------------------------------------ | -------------------------- | ------------------------               
3922ca0e-5727-11e7-bf07-22000b9a448b | mattpritchard@globusid.org | my-endpoint

Start globus connect personal

$ ./globusconnectpersonal -start &

List the contents of your a directory on the endpoint you have created, as a test:

(Note the syntax <endpointID>:<path>)

$ globus ls 3922ca0e-5727-11e7-bf07-22000b9a448b:/home/users/mpritcha/

So now we have a working Globus Connect Personal Endpoint. We can now try transferring files to another Globus endpoint, in this case, the one provided by the JASMIN GridFTP server data-xfer1.ceda.ac.uk. Its Endpoint ID is 4cc8c764-0bc1-11e6-a740-22000bf2d559.

Transfer some data, first using Globus Tutorial endpoints

Globus provides some open-access endpoints for testing: these can be activated simply with your globusid (created above) and are therefore useful for testing that everything is working properly. Let’s set up some shorthand names for these endpoints:

$ go1=ddb59aef-6d04-11e5-ba46-22000b92c6ec
$ go2=ddb59af0-6d04-11e5-ba46-22000b92c6ec

You can also find these if you do

$ globus endpoint search tutorial

Activate the “globus tutorial endpoint 1”

$ globus endpoint activate $go1
Autoactivation succeeded with message: Endpoint activated successfully using Globus Online credentials.

Activate the “globus tutorial endpoint 2”

$ globus endpoint activate $go2

Autoactivation succeeded with message: Endpoint activated successfully using Globus Online credentials.

Transfer a local file to “globus tutorial endpoint 1”

$ globus transfer myfile.dat $go1 # (where myfile.dat is a local file).

Transfer some data to the JASMIN Globus endpoint

In order to use the endpoint 4cc8c764-0bc1-11e6-a740-22000bf2d559, we need to activate it

Let’s set up some shorthands:

$ ep1=3922ca0e-5727-11e7-bf07-22000b9a448b # our local endpoint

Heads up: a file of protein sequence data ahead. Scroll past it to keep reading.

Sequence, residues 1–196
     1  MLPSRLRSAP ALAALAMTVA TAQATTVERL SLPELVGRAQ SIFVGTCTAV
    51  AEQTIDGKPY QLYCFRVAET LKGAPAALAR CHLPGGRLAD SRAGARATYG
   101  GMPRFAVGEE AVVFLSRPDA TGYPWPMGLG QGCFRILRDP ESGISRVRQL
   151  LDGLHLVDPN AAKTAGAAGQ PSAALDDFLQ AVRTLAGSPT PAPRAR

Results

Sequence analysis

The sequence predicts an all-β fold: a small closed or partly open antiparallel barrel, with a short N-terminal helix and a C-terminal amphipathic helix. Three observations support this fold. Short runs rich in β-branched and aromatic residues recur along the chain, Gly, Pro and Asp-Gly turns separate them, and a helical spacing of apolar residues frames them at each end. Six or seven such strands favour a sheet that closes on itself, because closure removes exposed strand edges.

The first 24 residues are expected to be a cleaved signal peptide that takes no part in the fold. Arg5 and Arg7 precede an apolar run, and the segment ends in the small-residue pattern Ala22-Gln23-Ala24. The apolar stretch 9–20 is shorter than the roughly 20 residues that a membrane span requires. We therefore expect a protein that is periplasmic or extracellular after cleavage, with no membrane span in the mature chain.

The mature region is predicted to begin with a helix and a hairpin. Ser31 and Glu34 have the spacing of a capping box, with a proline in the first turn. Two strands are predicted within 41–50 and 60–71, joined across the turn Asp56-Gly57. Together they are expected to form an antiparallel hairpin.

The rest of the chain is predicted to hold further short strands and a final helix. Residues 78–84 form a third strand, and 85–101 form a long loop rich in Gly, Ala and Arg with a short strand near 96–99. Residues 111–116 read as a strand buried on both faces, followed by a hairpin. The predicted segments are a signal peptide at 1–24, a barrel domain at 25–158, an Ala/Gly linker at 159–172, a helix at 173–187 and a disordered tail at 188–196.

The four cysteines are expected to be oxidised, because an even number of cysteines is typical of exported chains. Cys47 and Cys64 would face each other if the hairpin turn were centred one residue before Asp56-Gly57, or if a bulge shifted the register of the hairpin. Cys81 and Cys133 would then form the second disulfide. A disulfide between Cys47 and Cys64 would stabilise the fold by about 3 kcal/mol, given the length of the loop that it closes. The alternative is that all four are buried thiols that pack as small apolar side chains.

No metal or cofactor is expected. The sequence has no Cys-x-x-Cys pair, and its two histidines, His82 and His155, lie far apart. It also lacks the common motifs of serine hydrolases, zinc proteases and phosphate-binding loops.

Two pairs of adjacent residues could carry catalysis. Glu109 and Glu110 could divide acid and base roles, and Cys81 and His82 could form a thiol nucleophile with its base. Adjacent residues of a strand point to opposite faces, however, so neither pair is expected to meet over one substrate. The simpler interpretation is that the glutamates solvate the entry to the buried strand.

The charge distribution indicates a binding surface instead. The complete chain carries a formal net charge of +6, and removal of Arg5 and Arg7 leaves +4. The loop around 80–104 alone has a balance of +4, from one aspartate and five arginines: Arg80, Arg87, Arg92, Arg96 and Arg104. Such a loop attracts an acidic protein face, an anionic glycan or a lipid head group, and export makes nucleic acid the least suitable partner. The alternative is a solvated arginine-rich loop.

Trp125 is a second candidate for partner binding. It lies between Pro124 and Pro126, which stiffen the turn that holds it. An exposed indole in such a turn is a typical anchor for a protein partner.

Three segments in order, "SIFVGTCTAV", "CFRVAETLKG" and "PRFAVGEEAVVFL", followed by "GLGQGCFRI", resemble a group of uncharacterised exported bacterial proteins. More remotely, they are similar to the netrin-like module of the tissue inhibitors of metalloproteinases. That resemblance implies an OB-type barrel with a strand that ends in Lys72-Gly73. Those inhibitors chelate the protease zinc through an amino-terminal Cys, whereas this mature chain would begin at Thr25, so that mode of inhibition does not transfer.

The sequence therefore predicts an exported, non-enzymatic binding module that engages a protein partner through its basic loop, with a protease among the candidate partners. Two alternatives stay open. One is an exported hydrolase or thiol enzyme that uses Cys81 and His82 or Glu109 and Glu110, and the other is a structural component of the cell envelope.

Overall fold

$ ep2=4cc8c764-0bc1-11e6-a740-22000bf2d559 # JASMIN gridftp server on data-xfer1

Activate the JASMIN endpoint (ep2). This particular endpoint is already configured to use the CEDA “SLCS” service to provide short-term credentials using your CEDA ID (...not your JASMIN one ...we’re working on that)

$ globus endpoint activate $ep2 --myproxy -U username
Myproxy password: 
Endpoint activated successfully using a credential fetched from a MyProxy server.

Note (1) You can also specify the password in the command using the -P option, to do this in one action, but this is less secure as your password will be visible in your system’ command history

Note (2)  This means that you can activate / re-activate your credential at any time, independently of any transfers.

Try a listing on the JASMIN endpoint (ep2). The path you choose needs to be one for which you have access permissions, for example your home directory or a group workspace you belong to.

$ globus ls $ep2:/group_workspaces/jasmin/cedaproc/username/
mydir/
testfile

Do a transfer from ep1 to ep2

$ globus transfer $ep1:/home/users/username/1G.dat $ep2:/group_workspaces/jasmin/cedaproc/username/1G.dat --label "my first transfer"
Message: The transfer has been accepted and a task has been created and queued for execution
Task ID: 86e4a498-572b-11e7-bf07-22000b9a448b

Check on the progress of my task

	$ globus task list
Task ID                              | Status    | Type     | Source Display Name       | Dest Display Name      | Label            
------------------------------------ | --------- | -------- | ------------------------- | ---------------------- | -----------------
86e4a498-572b-11e7-bf07-22000b9a448b | SUCCEEDED | TRANSFER | my-endpoint      | JASMIN gridftp server  | my first transfer